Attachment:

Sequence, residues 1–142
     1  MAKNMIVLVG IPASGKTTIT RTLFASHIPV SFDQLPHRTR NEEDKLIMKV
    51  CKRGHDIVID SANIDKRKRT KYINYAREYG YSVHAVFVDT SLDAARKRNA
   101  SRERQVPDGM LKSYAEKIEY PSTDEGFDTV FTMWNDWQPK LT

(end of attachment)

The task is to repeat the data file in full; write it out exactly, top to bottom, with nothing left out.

Sequence, residues 1–142
     1  MAKNMIVLVG IPASGKTTIT RTLFASHIPV SFDQLPHRTR NEEDKLIMKV
    51  CKRGHDIVID SANIDKRKRT KYINYAREYG YSVHAVFVDT SLDAARKRNA
   101  SRERQVPDGM LKSYAEKIEY PSTDEGFDTV FTMWNDWQPK LT